Images 

All of your images should have alt text that describes what’s in the image and how it relates to the piece of content. Just listing the items in the image isn’t enough here, you should also include distinctive features such as colour and shape. 

Another thing to remember with images is that if you have text embedded within them, a screen reader won’t be able to capture that. So, if you’re using images as headers or section dividers, people could lose out on important context. 

Something to note here, particularly for landing pages, is that there’s currently a tension between SEO best practices and accessibility requirements. While an SEO professional will tell you to include your keyword in your featured image’s alt text, it doesn’t necessarily make sense to do that if it detracts from the accessible experience. 

Behind the scenes elements 

There are many attributes that you can add to your content that operate under the surface. For example, you can add roles or labels to each section of your email so that assistive technologies can read them accordingly. You can also use HTML language attributes to guide screen readers to pronounce words correctly. 

Another important best practice here is to have a plain text version of your email. This extracts the text from your email and makes it much easier to read for assistive tech.

Links and CTAs

Instead of using simple terms like “click here” or “shop now” in your links and CTAs, give your readers a bit more context. If you add a bit more detail (e.g. shop our Christmas catalogue now), your readers will be better able to choose from different CTAs. 

You should also provide clear instructions in your content that don’t rely entirely on visual cues like a giant arrow or a line that flows from one content section to another. This will help guide your readers through the content more effectively. 

Forms and other inputs

On landing pages, if you’re including a form, the input fields should be sized appropriately and paired with descriptive sentences. Any drop-down elements should also be compatible with assistive technologies such as voice-enabled tools and navigation shortcuts.

Video

This is a big one. If you’re embedding a video of any type on your email or landing page, it should always include an option for captions for people with hearing impairments.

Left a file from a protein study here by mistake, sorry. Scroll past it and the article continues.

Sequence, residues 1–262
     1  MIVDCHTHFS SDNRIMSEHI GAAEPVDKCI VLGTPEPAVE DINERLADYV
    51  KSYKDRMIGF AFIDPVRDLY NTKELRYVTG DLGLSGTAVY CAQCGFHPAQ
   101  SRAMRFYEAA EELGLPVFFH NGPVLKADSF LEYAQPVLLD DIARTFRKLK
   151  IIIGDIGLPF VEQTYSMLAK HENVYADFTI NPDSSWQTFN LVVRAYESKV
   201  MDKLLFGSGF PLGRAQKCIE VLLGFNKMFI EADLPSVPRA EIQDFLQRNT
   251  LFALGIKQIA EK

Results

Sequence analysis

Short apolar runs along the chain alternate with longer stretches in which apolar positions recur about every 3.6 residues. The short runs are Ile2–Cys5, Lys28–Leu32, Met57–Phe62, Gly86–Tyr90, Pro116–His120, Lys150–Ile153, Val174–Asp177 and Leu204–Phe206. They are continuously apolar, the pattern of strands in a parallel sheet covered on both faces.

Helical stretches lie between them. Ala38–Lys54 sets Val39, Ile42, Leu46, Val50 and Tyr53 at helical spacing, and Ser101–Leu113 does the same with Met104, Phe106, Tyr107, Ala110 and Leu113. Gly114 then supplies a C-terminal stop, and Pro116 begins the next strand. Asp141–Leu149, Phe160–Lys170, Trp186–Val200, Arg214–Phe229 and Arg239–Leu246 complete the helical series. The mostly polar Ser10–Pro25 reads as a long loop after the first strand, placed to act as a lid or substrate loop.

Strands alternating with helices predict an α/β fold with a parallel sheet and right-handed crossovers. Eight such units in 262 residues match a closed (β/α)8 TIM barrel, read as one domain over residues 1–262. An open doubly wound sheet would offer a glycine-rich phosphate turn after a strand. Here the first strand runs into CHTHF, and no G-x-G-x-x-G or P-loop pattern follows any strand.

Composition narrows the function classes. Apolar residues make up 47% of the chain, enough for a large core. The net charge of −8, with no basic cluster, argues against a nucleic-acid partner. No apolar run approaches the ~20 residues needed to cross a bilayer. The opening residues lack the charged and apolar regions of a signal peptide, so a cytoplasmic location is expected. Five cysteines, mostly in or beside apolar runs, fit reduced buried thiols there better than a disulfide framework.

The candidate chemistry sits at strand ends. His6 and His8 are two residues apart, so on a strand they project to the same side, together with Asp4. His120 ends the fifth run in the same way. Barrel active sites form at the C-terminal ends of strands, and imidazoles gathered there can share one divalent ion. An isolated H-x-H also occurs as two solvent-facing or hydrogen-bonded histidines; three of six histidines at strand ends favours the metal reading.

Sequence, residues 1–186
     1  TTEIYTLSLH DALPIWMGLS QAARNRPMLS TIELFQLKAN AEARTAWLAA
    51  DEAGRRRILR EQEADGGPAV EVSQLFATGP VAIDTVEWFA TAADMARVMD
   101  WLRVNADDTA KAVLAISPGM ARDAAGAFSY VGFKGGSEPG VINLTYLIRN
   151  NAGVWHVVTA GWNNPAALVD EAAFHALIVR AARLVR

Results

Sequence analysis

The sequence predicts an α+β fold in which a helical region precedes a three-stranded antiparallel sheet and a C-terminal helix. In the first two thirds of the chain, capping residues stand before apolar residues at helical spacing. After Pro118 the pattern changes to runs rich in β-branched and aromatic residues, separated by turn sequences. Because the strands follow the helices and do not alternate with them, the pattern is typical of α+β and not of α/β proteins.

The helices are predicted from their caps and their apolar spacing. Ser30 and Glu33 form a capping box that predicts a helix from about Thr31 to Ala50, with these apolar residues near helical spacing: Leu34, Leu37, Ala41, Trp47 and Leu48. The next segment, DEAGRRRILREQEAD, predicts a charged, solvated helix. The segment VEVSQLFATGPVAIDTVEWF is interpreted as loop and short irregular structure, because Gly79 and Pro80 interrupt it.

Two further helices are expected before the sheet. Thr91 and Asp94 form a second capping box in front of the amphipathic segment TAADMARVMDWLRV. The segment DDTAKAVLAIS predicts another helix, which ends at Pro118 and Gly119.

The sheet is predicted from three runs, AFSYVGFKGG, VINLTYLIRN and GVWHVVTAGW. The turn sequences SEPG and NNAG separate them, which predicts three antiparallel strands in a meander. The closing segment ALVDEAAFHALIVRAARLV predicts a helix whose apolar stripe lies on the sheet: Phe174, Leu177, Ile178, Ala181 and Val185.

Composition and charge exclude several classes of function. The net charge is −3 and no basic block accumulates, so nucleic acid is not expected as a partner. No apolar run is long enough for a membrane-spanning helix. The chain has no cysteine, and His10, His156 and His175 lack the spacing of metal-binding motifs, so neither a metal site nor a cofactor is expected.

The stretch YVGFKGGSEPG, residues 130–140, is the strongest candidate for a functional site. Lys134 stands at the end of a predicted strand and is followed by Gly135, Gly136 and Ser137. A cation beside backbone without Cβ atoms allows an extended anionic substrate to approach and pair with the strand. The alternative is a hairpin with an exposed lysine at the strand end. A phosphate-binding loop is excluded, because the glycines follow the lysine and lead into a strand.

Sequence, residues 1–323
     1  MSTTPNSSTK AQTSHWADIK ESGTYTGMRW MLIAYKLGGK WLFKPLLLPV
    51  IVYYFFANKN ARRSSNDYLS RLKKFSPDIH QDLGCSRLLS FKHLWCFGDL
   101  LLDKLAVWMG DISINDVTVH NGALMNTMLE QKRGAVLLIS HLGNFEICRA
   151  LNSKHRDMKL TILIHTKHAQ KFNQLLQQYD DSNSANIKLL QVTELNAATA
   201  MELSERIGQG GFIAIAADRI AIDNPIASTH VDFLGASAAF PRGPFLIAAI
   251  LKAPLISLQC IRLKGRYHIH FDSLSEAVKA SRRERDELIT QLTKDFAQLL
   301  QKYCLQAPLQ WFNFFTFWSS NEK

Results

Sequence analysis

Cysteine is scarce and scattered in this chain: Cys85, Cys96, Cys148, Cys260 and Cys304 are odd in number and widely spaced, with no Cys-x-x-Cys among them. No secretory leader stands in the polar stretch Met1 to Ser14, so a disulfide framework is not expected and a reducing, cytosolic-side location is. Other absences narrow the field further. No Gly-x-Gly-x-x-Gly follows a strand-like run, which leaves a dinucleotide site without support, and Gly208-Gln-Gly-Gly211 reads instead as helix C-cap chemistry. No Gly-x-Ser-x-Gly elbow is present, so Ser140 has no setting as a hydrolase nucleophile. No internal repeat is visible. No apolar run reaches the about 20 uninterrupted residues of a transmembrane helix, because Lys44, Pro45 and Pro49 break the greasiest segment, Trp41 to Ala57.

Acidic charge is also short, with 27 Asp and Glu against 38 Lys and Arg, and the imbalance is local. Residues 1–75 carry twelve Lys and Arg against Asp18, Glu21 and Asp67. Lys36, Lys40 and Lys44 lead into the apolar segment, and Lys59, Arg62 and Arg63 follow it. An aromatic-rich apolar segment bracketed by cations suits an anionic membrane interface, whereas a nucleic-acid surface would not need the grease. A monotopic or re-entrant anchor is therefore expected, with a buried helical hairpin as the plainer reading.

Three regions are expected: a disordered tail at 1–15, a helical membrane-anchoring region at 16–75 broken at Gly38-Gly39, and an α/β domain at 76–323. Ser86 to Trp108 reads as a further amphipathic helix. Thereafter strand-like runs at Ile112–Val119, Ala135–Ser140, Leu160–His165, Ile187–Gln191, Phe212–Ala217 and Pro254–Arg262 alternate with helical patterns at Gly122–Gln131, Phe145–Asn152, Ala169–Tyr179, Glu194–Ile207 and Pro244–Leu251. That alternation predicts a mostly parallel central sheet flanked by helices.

Design

As you’re designing your content, use modern, responsive design elements that make things clear and easy to understand. 

  • Use legible fonts that are at least 14pt in size. 
  • Make sure you have good colour contrast (tools like WebAIM’s Contrast Checker or Contrast Ratio can help here). 
  • Underline or bold your links to make them easy to see. 
  • Use a logical structure and be careful with multi-column designs that aren’t responsive to smaller screens.
  • Avoid blinking or flashing elements that get in the way of people digesting your content. 

It’s important to note that this isn’t an exhaustive list. As you learn more about what makes content accessible – and the space continues to evolve – there will be other best practices that you can implement for your audience. 

Remember: you’re not making a compromise

The design principles that make content accessible are generally the same ones behind good design practices. At the end of the day, you’re creating content that’s simple, logical, and easy to understand – and that benefits absolutely everyone. So it shouldn’t feel like you’re compromising your campaign or its messaging by making it accessible. 

As we keep refining our knowledge around the content that does – and doesn’t – make sense for all our readers, there’s still a lot to learn. At Knak, we’re excited to continue being part of the conversation and ensuring that our emails and landing pages are truly equipped to reach anyone who wants to read and engage with them. 

Want to quickly build emails and landing pages that are reliably accessible for your audience? Check out Knak or request a demo